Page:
Summit Elevation: 5350' (The Subway)
Elevation Gain: 1150'
Elevation Gain (in Empire State Buildings): 0.92
Round trip time: 5 hours 50 minutes
Recommended water: 80 oz.
Parking/Fees: $30 National Parks (per vehicle, one week pass) + $15 permit fee
Difficulty: Moderate

Subway Permits - Zion National Park

An unexpected lottery win gave us a permit and a chance to hike The Subway. This is a popular canyon hike in the Left Fork of North Creek in Zion National Park, UT. Currently, 80 permits are issued per day, mostly through a lottery three months in advance. Walk up permits are sometimes available. It can be done top down or bottom up to an oval shaped section carved out of the canyon resembling a subway tunnel. My wife and I opted to do the non-technical bottom up hike. Our adventure started the day before when we stopped at the visitor center to pick up the permit. The ranger grilled us on canyoneering risks, flash floods (a real danger this time of year), and had us complete a form with 8 check boxes confirming that we understood what the trip entailed. She also told me my GPS would not work in the canyon, but it worked great except for the last half mile where the canyon got too narrow. There was an additional $15 fee for the permit.

For safety, we double checked the weather forecast and there was a very low chance of rain all day. We drove at dawn to the Left Fork Trailhead and began the steep 450' descent into the canyon. A sign was placed at the bottom to show people the way out. I had a waypoint for the exit and confirmed it was accurate. We started upstream on the left side of the creek along a solid use trail. I expected the trail to fade out quickly, but it continued close to a mile before we had to start picking our way around boulders and debris. In fact, the only section where we couldn't find some semblence of a use trail was a half mile stretch roughly one mile upstream from the drop in point. Other than that, we were able to find use trails on one side or the other, sometimes both. We needed to cross the creek frequently and sometimes going straight up was the path of least resistance. There is no way to do this hike without getting wet. However, we never had to cross water deeper than our knees. About half way to the Subway, there are two gray slabs on the left side with petrified dinosaur prints. A nice bonus. I had a waypoint marked for the dino prints, but there was also a small cairn with a stick set up next to it to point it out. On the topo map, the South Guardian Angel sits along the right edge of the Left Fork, but the canyon walls were too steep for us to see it.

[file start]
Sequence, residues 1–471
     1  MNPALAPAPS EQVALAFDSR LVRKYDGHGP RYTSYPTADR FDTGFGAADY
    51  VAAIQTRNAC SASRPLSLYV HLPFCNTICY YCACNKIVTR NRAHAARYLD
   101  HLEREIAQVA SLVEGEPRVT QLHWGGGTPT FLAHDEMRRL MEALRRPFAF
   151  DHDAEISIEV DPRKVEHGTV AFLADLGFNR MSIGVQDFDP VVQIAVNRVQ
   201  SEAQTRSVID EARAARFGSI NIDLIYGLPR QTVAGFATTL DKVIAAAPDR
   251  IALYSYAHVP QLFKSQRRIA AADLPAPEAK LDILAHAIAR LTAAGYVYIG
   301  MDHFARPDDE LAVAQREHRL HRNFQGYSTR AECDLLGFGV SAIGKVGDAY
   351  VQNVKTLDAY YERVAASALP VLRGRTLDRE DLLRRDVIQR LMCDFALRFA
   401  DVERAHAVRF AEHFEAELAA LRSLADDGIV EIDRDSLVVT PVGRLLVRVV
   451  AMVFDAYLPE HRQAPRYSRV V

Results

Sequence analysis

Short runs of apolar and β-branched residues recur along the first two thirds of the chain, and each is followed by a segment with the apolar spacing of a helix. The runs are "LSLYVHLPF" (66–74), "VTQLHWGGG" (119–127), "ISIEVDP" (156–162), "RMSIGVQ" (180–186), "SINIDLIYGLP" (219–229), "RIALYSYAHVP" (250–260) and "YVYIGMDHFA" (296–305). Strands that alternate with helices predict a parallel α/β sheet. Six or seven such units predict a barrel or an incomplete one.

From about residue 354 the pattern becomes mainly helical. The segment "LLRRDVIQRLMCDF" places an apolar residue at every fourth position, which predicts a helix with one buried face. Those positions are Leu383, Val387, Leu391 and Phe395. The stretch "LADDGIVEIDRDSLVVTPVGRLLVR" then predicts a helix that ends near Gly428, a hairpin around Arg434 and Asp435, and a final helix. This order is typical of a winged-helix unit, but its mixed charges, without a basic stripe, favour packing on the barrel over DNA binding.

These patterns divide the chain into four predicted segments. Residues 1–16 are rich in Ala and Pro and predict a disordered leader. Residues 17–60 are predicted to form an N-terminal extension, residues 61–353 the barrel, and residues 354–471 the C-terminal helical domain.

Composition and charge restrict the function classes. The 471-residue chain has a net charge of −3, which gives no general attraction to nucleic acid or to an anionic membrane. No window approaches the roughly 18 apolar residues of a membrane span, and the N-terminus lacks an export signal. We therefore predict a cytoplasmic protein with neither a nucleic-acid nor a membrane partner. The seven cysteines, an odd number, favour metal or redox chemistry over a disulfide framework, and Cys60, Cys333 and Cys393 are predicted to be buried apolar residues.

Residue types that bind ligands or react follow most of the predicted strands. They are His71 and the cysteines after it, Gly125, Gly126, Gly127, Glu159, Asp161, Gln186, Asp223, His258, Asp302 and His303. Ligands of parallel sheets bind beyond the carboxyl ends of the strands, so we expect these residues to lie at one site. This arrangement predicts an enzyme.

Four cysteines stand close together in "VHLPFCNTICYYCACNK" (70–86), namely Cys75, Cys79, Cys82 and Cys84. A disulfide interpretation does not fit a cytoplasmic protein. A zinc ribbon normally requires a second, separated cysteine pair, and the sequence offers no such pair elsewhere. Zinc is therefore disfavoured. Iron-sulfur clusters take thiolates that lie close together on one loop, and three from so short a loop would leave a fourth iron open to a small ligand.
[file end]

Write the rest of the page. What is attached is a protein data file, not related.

Hiking down into the canyon

Working upstream

Leisa leading on the use trail

Dino prints

Red walls

Past the dino prints, the canyon started to get narrower. Another mile upstream, we ran into the first cascade. These are gentle shelves of red rock with sheets of water washing over them. The whole canyon was picturesque. We walked up the cascades and learned to avoid the black algae growing on the rock. It was less slippery to stay on red rock, even if there was more water flowing over it. After a longer set of cascades, we came to a 10' waterfall. It was easiest to go up on the right side of the waterfall. A few more twists in the canyon and we arrived at The Subway. The curved walls start wide, then close in, maybe 20' apart. Pools were carved out of the floor creating some interesting effects. The early morning lighting wasn't ideal, and I have low end photo gear, so my photos don't look much like those taken by professionals. We hung around for a while and had the whole place to ourselves. I expected to see some people there from the top down route. We continued further until we ran into a pool that was too deep to get over without swimming. I wanted to continue up to the next waterfall, but didn't have extra dry clothes with me. An oversight. We turned around and started back, looking for a place to rest and refuel. We soon ran into three other parties doing the bottom up route. We had no trouble finding the exit point, but it was a hot climb out. My GPS clocked just over 10 miles for the round trip. Most sources list the round trip as 8-9 miles, but we did quite a few boulder bypasses on the sides of the canyon and some general wandering around. I did have to delete some random error points in the track so it's possible the GPS distance was off. In any case, it was a great hike to one of Zions many attractions.


The 10' waterfall

Approaching the Subway

Leisa at one of the main pools


Swimmers only past here


I tried to clean up the track near the top,
send me an email if you want the GPX